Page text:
Timbuktu (English pronunciation: pron.: /ˌtɪmbʌkˈtuː/; French: Tombouctou pronounced: [tɔ̃bukˈtu]; Koyra Chiini: Tumbutu), formerly also spelled Timbuctoo and Timbuktoo, is a town in the West African nation of Mali situated 20 km (12 mi) north of the River Niger on the southern edge of the Sahara Desert. The town is the capital of the Timbuktu Region, one of the eight administrative regions of Mali. It had a population of 54,453 in the 2009 census.
Starting out as a seasonal settlement, Timbuktu became a permanent settlement early in the 12th century. After a shift in trading routes, Timbuktu flourished from the trade in salt, gold, ivory and slaves. It became part of the Mali Empire early in the 14th century. In the first half of the 15th century the Tuareg tribes took control of the city for a short period until the expanding Songhai Empire absorbed the city in 1468. A Saadi dynasty army defeated the Songhai in 1591, and made Timbuktu, rather than Gao, their capital. […]
Despite its illustrious history, modern-day Timbuktu is an impoverished town, poor even by Third World standards. The population has grown an average 5.7% per year from 29,732 in 1998 to 54,453 in 2009. As capital of the seventh Malian region, Tombouctou Region, Timbuktu is the seat of the current governor, Colonel Mamadou Mangara, who took over from Colonel Mamadou Togola in 2008. Mangara answers, as does each of the regional governors, to the Ministry of Territorial Administration & Local Communities. […]
>> from Wikipedia, Timbuktu (as of Jan. 31, 2013)
Trailer for documentary film in 74 mins festival version or 52 mins TV version:
Never has the story of the origins and history – the decline and fall and resurrection – of this black center of learning and intellect been told in more compelling fashion than in this marvelous documentary. I am assigning it to both my undergraduate and graduate courses at Harvard, and hope that all scholars of African and African American Studies will do the same. Truth be told, all students in high school and college throughout the world should be required to see this film, and learn of the history of our intellectual forebears whose very existence Europe and the West have, until recently, systematically denied. This film is a triumph!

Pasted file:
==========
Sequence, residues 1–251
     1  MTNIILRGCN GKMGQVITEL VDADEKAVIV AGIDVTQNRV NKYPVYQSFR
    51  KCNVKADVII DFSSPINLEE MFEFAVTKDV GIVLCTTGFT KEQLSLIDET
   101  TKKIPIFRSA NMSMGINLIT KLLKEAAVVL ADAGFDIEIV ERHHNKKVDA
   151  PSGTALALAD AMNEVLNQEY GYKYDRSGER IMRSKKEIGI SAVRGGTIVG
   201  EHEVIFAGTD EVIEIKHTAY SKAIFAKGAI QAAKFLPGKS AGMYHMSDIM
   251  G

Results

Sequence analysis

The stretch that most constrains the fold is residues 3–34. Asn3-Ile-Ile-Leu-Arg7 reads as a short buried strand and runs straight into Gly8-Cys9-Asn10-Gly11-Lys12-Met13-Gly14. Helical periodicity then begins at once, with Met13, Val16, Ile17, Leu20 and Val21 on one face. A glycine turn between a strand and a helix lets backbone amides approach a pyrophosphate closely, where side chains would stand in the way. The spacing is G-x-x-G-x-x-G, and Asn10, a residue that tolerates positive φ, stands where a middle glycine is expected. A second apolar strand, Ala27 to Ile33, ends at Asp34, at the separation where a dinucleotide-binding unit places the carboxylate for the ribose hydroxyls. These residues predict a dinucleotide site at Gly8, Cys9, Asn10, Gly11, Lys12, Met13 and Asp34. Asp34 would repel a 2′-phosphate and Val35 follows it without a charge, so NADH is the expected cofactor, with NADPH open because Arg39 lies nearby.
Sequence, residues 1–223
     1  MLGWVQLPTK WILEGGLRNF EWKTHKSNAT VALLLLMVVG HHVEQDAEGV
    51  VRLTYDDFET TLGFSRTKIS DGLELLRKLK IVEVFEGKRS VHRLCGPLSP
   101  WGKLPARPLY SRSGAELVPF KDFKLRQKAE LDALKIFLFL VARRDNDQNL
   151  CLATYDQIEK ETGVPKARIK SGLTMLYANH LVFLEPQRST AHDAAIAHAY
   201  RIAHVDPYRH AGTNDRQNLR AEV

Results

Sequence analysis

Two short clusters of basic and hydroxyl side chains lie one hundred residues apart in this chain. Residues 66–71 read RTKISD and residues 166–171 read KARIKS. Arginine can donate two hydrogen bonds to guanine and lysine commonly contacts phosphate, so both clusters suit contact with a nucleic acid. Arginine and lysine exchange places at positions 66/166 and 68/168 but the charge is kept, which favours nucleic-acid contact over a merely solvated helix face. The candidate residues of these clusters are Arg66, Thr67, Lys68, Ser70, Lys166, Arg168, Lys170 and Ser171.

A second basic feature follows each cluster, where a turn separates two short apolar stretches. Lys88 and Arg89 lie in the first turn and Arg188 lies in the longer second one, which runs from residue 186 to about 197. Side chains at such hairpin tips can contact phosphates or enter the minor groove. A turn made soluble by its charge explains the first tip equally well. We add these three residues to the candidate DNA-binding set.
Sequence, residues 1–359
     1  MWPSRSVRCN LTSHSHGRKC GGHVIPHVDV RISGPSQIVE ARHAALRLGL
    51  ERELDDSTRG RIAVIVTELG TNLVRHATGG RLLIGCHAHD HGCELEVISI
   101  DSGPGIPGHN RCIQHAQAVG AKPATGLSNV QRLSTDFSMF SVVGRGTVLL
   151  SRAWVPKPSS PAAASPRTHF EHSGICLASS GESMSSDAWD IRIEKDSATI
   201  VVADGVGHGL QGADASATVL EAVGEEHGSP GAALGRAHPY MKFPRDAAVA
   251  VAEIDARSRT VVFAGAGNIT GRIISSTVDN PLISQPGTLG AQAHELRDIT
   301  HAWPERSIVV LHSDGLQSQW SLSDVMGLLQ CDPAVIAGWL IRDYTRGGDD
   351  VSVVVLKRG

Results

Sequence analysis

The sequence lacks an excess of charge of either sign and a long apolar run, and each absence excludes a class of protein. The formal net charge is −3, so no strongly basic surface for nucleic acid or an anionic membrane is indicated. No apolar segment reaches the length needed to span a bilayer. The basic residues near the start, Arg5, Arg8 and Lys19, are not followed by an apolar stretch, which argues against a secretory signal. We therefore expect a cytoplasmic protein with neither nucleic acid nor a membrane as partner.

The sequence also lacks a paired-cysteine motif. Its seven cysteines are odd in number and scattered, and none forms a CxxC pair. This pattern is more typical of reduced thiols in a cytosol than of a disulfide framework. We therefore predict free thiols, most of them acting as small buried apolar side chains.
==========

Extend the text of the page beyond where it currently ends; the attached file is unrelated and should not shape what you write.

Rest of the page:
Henry Louis Gates, Jr. (contact: firstname.lastname@example.org)
Priceless manuscripts missing in Timbuktu
JOHANNESBURG — The Globe and Mail
Published Monday, Jan. 28 2013, 7:20 AM EST – Last updated Tuesday, Jan. 29 2013, 8:51 AM EST
The fabled city of Timbuktu, a place of enigma for centuries, has now given the world another mystery: What happened to thousands of priceless, ancient manuscripts that have vanished into the dusty Sahara winds?
When hundreds of French soldiers rolled into the remote desert city in northern Mali on Monday, cheered by thousands of residents who were ecstatic that the Islamist rebels had fled, one of the biggest fears was the fate of Timbuktu’s ornately crafted manuscripts, as precious to world history as the Dead Sea Scrolls.
Timbuktu has long been a legendary symbol of isolation and mystery, attracting European explorers on rumours of gold. But today its manuscripts are its real treasure. Up to 800 years old, they are proof of an ancient African and Islamic intellectual tradition, contradicting the myth of a primarily oral culture in Africa. Their moderate scientific scholarship is an implicit criticism of the narrow extremist views of the Islamist militias.
While some of the documents are religious, others are scholarly essays on medicine, astronomy, mathematics and philosophy. Many were brought to Timbuktu in camel caravans from Cairo and Baghdad in the Middle Ages when the city boasted 180 religious schools and a university with 20,000 students.
With funds from around the world, researchers have been trying to make digital copies of the precious manuscripts, but only a tiny fraction were copied before the Islamists seized control.Read the whole article at theglobeandmail.com/…/priceless-manuscripts-missing-in-timbuktu/…
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